The U 853 was a type IXC German U-Boat. Commissioned on June 25, 1943.
On May 4, 1945, with WW II quickly coming to an end, Admiral Karl Doenitz gave the following order: 'All U-boats cease fire at once. Stop all hostile action against allied shipping'.
On May 5, the U-853, which had been prowling the waters northeast of Block Island, torpedoed and sank the coiler Black Point, killing twelve men.
Sunk 6 May, 1945 in the North Atlantic by depth charges from the US destroyer escort USS Atherton.
U 853 destroyed
Within an hour, the U.S. Navy Taskforce, which was in the area, began hunting the 853. The Atherton found her within three hours and the attack began. The Navy used Hedgehogs (rocket launched projectiles), depth charges, three ships and two blimps. After an assault with depth charges, various bits of debris floated to the surface including a pillow, a life jacket and the U-boat's captain's hat. This was only a trick as the Navy's sonar then caught the sub moving east. Again and again, resulting in a cat and mouse type game to the death, the Navy's sonar would locate the U-boat and the attacks would resume.
The first attack started at 8:29 PM. The Navy continued its assault until 10:45 AM the next day. The U-853 was declared officially dead. The Navy vessels headed for port with brooms at masthead, the Navy's symbol for a clean sweep.
Debris from the U 853
On May 6, 1945, Navy divers from the vessel Penguin dove on the 853 and attempted to penetrate the wreck in order to recover records from the captain's safe. These divers were using surface supplied air and couldn't easily fit through the tight hatches of the submarine.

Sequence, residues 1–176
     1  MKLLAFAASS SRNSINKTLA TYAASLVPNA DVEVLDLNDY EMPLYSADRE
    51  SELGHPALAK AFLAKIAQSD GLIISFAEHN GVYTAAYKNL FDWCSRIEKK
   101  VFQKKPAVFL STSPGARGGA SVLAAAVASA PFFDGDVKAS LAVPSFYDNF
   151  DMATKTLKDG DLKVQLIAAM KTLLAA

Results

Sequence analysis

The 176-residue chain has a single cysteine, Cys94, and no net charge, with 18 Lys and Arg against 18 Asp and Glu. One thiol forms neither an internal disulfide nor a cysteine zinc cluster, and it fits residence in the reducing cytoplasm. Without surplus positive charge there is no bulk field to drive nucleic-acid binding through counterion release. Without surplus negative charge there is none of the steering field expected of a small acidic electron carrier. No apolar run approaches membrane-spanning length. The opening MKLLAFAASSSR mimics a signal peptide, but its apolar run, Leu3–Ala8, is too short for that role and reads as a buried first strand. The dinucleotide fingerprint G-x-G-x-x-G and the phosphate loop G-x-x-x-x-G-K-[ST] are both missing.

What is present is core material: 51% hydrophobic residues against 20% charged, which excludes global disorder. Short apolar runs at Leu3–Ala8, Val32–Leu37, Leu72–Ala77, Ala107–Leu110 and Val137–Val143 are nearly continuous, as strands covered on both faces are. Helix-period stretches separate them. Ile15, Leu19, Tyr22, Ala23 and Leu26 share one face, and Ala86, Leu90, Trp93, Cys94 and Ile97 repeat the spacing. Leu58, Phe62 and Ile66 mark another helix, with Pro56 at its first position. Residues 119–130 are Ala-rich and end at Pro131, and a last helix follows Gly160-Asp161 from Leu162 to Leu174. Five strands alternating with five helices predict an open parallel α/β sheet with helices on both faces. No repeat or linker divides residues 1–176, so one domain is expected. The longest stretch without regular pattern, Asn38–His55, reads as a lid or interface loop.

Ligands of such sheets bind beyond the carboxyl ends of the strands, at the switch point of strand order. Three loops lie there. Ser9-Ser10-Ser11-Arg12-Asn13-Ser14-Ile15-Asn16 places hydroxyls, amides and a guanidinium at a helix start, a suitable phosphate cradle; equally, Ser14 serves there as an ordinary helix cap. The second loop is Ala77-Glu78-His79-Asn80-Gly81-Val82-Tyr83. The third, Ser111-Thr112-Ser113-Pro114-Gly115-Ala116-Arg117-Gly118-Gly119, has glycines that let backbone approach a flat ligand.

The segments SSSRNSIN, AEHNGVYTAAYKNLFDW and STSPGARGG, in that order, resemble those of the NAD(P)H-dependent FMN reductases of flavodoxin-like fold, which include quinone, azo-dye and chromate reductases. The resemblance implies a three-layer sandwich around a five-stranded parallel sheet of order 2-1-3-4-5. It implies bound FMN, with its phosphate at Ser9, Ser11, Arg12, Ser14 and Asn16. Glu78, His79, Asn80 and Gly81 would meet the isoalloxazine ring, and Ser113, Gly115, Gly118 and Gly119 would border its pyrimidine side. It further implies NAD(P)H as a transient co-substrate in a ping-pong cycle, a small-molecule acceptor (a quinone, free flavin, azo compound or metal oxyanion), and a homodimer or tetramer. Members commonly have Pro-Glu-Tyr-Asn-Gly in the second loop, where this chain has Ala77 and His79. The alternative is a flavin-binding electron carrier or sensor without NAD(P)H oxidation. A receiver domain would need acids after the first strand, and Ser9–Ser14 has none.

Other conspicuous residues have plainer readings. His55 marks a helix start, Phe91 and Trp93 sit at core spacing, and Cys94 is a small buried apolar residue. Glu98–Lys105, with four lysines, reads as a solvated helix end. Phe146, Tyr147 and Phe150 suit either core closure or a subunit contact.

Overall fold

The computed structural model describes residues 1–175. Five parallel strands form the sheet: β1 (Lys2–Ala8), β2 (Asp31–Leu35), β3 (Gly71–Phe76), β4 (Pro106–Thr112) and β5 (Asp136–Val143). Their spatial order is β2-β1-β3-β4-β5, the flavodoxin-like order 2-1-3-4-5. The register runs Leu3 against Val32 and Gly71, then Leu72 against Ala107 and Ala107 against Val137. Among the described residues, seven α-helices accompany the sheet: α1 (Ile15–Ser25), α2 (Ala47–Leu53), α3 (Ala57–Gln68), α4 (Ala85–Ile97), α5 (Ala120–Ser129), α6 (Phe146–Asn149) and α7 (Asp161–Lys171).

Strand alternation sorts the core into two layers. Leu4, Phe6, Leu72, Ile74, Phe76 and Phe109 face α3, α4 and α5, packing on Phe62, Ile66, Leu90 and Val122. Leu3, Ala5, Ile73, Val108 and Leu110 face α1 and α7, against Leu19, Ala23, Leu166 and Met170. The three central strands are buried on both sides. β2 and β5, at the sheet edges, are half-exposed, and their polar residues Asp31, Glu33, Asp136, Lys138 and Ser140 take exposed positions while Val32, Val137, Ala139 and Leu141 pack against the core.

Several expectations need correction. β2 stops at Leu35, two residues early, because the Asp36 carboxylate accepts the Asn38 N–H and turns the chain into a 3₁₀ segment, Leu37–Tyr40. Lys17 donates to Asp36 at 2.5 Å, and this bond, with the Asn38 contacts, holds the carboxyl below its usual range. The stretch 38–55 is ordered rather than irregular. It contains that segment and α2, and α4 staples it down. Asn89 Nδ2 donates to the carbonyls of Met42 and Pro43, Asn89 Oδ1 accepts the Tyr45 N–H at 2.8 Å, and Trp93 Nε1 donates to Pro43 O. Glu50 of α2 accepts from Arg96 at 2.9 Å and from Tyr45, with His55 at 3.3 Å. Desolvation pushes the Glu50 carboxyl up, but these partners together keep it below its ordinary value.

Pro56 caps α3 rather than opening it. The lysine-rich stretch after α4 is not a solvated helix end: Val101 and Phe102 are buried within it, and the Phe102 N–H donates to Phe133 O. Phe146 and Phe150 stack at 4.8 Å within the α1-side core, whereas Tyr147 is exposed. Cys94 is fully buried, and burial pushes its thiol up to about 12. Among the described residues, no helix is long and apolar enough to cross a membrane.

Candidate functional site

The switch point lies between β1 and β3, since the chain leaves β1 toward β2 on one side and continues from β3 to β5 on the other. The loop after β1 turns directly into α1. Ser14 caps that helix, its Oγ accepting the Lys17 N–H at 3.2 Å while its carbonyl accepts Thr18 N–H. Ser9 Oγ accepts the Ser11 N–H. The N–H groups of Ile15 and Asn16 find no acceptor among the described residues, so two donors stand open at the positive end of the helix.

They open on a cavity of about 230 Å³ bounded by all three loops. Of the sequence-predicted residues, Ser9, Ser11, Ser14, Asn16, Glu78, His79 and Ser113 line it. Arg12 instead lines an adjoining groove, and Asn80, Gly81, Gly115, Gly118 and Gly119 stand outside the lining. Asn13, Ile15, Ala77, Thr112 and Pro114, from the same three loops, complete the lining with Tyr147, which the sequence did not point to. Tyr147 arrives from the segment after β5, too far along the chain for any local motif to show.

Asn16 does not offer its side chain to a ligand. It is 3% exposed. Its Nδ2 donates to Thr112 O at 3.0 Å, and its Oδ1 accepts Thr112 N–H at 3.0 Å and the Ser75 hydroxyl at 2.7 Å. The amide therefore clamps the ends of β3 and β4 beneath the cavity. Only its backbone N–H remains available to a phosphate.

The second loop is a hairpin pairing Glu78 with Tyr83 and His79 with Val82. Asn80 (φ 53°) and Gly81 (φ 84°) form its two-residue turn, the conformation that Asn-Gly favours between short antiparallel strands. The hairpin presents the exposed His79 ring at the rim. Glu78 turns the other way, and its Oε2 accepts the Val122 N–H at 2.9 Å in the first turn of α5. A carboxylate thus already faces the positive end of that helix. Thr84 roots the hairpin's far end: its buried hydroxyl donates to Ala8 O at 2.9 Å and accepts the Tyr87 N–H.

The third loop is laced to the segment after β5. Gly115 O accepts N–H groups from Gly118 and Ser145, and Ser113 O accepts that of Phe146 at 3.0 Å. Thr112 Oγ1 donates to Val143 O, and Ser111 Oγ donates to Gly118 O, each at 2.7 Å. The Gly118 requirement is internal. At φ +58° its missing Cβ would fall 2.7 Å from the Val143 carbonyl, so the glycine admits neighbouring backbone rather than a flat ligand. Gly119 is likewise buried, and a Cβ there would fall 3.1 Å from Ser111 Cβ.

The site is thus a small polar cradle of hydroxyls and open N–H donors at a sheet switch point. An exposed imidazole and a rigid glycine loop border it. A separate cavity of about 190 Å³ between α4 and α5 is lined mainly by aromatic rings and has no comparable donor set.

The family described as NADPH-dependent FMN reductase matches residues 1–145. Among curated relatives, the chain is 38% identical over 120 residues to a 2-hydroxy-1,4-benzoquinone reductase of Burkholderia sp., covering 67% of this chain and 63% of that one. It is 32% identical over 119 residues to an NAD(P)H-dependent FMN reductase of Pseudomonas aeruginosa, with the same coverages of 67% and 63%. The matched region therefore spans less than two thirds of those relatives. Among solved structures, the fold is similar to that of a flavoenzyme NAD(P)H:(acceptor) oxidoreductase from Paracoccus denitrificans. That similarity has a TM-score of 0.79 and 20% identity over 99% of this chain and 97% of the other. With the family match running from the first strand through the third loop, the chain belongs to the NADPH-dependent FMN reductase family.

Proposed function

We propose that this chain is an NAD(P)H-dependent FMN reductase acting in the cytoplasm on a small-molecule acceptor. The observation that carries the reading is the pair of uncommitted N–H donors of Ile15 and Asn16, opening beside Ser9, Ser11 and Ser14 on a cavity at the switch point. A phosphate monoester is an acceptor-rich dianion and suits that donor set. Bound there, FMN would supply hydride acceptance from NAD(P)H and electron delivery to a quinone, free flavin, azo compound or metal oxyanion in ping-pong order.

The next day, Ed Bockelman, the smallest diver on the Penguin, volunteered himself for the task. He was accompanied by Commander George Albin. Bockelman was able to squeeze through the conning towers hatch, but the floating lifeless bodies of German crewmen blocked further penetration. For years after her sinking, rumors spread that the U-853 had a cargo of treasure on board. One story claimed that $500,000 in jewels and U.S. currency were hidden in 88 MM shell cases, sealed in wax. Another rumor was that there was $1,000,000 in hidden mercury on board, sealed in stainless steel flasks. These rumors have spurred many salvage attempts over the years, none of which have been successful.
IXC 40 German U boot.
length: 251.9 feet - wide: 22.5 feet - 740 ton
Intended as long-range mine-layers used as long-range cargo.